Rock of Ages, starring Tom Cruise, Julianne Hough and Diego Boneta is based on a musical that originated in a Hollywood rock club in 2005 and then moved to Broadway, where it continues to pull in fans at the Helen Hayes Theater. The cast also includes Alec Baldwin, Russell Brand, Paul Giamatti, Mary J. Blige and Catherine Zeta-Jones.
Hough and Boneta play the small-town girl and city boy in this tribute to '80s hair metal and the L.A. rock scene, which is set in 1987. The film is directed by Adam Shankman and written by Justin Theroux, Allan Loeb and Chris D’Arienzo (who also wrote the original show) and it's based on the stage musical by D’Arienzo.
Rock of Ages has currently received a 43 percent on RottenTomatoes.
Read below for some of the reviews from the top critics:
The Hollywood Reporter's David Rooney says: "In a plodding script that takes two long hours to tell a thin boy-meets/loses/wins-back-girl story in an elusive paradise, none of these threads provides any sense of urgency. That’s because the screenwriters and director run out of fresh ideas in the first half-hour."
New York Times' Manohla Dargis says that the movie is, "A jukebox musical turned junky big-screen attraction about making it in the music biz back when it still existed, [Rock of Ages] is just entertaining enough to keep you from dark thoughts about the state of Hollywood."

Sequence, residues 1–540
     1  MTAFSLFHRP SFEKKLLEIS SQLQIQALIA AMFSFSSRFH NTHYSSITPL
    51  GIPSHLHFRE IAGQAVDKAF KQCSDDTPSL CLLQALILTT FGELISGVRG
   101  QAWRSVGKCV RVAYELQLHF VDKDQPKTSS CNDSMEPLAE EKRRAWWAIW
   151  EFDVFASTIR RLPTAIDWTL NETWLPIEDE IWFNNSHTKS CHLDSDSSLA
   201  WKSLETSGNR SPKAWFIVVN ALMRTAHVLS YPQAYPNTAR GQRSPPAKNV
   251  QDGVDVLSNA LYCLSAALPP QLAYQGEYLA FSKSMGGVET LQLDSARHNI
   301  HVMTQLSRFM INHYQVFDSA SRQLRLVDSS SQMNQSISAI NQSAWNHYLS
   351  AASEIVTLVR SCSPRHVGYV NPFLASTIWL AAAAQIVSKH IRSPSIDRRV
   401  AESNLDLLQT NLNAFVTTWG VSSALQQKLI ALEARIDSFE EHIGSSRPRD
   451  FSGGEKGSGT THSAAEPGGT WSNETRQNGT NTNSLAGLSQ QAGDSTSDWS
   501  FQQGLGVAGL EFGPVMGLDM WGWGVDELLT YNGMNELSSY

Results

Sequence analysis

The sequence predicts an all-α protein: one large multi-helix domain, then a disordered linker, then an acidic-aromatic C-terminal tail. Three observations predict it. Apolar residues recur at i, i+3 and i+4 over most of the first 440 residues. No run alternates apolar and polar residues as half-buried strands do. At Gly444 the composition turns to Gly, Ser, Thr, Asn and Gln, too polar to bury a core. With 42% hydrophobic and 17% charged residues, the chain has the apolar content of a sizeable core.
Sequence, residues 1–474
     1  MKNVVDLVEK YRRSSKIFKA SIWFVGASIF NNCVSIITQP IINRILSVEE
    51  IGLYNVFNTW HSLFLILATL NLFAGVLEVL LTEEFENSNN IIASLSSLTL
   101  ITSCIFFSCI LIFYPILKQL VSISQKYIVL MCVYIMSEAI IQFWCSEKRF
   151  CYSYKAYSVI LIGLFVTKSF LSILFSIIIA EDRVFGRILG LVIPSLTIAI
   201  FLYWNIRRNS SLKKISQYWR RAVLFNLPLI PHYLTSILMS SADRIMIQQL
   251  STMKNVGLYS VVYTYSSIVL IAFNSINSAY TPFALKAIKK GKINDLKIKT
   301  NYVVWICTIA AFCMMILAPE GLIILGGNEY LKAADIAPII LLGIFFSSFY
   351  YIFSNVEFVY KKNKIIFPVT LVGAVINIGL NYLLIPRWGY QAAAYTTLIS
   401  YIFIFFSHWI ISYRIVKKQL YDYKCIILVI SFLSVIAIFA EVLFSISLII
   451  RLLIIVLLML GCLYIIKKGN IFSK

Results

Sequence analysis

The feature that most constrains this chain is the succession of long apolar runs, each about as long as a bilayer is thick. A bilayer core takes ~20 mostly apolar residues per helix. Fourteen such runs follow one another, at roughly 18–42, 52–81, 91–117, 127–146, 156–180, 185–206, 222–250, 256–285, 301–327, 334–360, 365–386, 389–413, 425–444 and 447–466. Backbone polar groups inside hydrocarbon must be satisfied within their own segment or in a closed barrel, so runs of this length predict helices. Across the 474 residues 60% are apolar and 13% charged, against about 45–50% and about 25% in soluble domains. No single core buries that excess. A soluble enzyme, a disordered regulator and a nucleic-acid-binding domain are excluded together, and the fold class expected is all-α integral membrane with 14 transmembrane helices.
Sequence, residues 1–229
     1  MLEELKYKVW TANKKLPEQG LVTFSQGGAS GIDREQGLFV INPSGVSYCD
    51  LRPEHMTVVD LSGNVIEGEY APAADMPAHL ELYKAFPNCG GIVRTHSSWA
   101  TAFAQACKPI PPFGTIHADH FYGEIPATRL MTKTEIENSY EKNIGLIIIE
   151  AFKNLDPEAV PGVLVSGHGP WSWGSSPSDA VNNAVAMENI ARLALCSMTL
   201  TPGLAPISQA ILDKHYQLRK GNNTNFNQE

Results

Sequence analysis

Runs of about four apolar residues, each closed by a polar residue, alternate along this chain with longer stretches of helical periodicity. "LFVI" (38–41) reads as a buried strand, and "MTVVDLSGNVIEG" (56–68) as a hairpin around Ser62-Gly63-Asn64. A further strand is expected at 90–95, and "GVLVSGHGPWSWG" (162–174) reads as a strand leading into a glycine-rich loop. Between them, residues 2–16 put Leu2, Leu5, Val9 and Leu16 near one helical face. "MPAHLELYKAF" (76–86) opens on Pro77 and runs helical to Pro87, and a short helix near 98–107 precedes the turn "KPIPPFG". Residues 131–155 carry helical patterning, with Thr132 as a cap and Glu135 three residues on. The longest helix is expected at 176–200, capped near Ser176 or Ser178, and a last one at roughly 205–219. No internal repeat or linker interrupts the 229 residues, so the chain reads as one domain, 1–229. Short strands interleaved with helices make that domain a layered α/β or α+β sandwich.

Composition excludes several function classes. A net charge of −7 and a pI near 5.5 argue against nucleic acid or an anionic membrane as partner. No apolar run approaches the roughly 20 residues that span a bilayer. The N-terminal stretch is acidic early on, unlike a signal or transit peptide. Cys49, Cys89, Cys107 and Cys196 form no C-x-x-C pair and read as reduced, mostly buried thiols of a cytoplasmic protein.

Los Angeles Times' Kenneth Turan deems the film "the guiltiest of guilty pleasures," and praises the actors' performances, saying "the film is also filled with actors willing to dive headfirst into their roles and take the endeavor's inherent foolishness seriously, all with an eye toward enhancing the audience's fun. And though Rock of Ages is very much an ensemble film, its success is grounded in Cruise's fearless work as ultimate rock god Stacee Jaxx."
Kimber Myers from Indiewire criticizes the film saying that "Is a celebration of excess that only a passed-out, nearly deaf groupie would love," adding that "even focusing on the songs (of which there are approximately 729) reveals that they aren't of the caliber that we've come to hope for in solid Hollywood musicals."
Claudia Puig from USA Today says that "Rock of Ages can't seem to decide on how to play its simplistic story — straight or farcically. It ends up half-mocking, half-revering the era." The critic went on to point out that "the film is flatly shot, badly choreographed and brimming with bad wigs. The boring dance sequences are all the more disappointing."